2016 will mark the tenth anniversary of the groundbreaking anthology The Transgender Studies Reader (Routledge, 2006, eds. Susan Stryker and Stephen White). Since then, transgender individuals, issues, and politics have gained more prominence in the mainstream than ever before. In popular culture, openly trans actors, writers, performers, and activists are commanding respect and wider audiences – two of the most visible being Janet Mock and Laverne Cox.

CFP: Visualizing the Street - 17 June 2016 / deadline 1 November 2015

Thursday, August 27, 2015 - 10:29am
ASCA Cities Project / University of Amsterdam

ASCA Cities Project - Amsterdam School for Cultural Analysis, University of Amsterdam

Keywords: visual culture, the street, digital media, street photography, visual practice, cell phone registration, architectural visualizations, the everyday


Confirmed Keynote Speaker: Professor Gillian Rose (The Open University)

Fairy Tales, Folk Lore and Legends

Thursday, August 27, 2015 - 7:46am

Fairy Tales, Folk Lore and Legends
Call for Submissions 2016

Monday 14th March – Wednesday 16th March 2016
Budapest, Hungary

'Feeling for Another: The Role of Empathy in Moral Theory and Moral Psychology' (21st/22nd November 2015, Oxford)

Thursday, August 27, 2015 - 7:02am
Oxford Affections and Ethics Network (TORCH)

Empathy has for a long time been recognized to play a crucial role in ethics and moral psychology, even though its precise contribution is still under dispute. Especially in the 18th century philosophers of the Scottish Enlightenment attributed to 'sympathy' - understood as the capacity to 'put oneself in another's place' - a central role for the foundation of morality. Other theorists, though, have been more skeptical about the contribution of empathy to explaining fundamental moral ideas and norms, and there are similar debates about the relative importance of empathy with regard to the explanation of moral learning and the internalization of moral norms.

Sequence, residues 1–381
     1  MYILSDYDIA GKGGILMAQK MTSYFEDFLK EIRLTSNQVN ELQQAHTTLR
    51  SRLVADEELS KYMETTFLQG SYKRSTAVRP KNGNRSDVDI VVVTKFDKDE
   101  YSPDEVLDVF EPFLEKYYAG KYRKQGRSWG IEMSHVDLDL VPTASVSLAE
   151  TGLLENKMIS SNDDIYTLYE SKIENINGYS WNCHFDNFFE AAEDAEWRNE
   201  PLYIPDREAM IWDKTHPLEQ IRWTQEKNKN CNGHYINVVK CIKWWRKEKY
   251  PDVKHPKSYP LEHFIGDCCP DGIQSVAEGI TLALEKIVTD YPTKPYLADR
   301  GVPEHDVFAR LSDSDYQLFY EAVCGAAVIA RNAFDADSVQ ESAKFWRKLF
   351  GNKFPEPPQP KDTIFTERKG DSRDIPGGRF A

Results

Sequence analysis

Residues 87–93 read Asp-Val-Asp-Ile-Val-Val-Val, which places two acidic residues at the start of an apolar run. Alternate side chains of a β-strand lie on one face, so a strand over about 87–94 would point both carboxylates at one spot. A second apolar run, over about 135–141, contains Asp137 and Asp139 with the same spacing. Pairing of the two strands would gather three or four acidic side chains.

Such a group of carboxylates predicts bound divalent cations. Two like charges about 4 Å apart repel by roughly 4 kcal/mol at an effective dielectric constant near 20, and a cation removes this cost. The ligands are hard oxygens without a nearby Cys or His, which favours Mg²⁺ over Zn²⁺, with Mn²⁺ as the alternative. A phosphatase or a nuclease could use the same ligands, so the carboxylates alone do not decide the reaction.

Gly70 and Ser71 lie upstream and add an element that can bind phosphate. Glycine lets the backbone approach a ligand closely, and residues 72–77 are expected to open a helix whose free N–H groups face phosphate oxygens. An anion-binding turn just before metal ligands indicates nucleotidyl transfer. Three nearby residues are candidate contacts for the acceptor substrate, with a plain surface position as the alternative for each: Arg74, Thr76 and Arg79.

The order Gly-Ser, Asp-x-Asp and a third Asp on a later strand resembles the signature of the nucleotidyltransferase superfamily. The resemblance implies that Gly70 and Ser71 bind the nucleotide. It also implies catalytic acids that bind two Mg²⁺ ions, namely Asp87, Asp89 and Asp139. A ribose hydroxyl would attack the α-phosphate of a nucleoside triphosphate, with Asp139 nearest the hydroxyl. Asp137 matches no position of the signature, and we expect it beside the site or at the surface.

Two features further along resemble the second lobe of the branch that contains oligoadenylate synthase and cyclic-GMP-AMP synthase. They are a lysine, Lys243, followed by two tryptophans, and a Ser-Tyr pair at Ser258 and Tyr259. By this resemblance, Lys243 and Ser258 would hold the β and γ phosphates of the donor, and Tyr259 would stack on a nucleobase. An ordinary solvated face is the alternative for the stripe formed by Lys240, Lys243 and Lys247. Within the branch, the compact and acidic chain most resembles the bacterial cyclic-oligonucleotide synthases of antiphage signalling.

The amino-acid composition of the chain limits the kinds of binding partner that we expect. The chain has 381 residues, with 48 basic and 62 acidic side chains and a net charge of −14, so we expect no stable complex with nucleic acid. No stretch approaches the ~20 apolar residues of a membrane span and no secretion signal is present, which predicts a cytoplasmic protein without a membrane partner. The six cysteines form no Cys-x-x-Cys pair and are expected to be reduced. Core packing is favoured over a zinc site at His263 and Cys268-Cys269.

[UPDATE] Call for Chapters: Representations of Poverty in US Pop Culture (Extended deadline: 9/7/2015)

Wednesday, August 26, 2015 - 7:53pm
Wylie Lenz

Chapter proposals are invited for an edited collection tentatively titled Representing the Other Half: Essays on Poverty in American Popular Culture (under contract with McFarland). The volume will seek to interrogate the ways in which poverty has been depicted (and/or ignored) across a variety of media, including but not limited to fiction, non-fiction, poetry, film, photography, painting, music, radio, etc.

Questions to be considered, among others: When, why, and how do producers of popular culture represent and/or ignore poverty? How do those representations influence the idea of poverty in the American cultural imaginary? In turn, how does that imaginary interact with policy? What role might the scholar/critic play in this process?

Call for papers: Collection of Essays on 21st-Century British Fiction & the City, abstract due November 16, 2015

Wednesday, August 26, 2015 - 5:39pm
Dr. Magali Cornier Michael, Professor, Department of English, Duquesne University

Call for papers: Collection of Essays on 21st-Century British Fiction & the City

I am seeking contributions by scholars from any relevant discipline to an edited collection focusing on 21st-Century British fiction's engagement with the city or urban environment. Once the collection is finalized, it will be submitted to and peer-reviewed by a press that has indicated interest.

The deadline for submission of a 750-1000 word abstract is November 16, 2015. Send your submission electronically to michael@duq.edu along with a brief C.V.

Dr. Magali Cornier Michael is Professor of English at Duquesne University in Pittsburgh.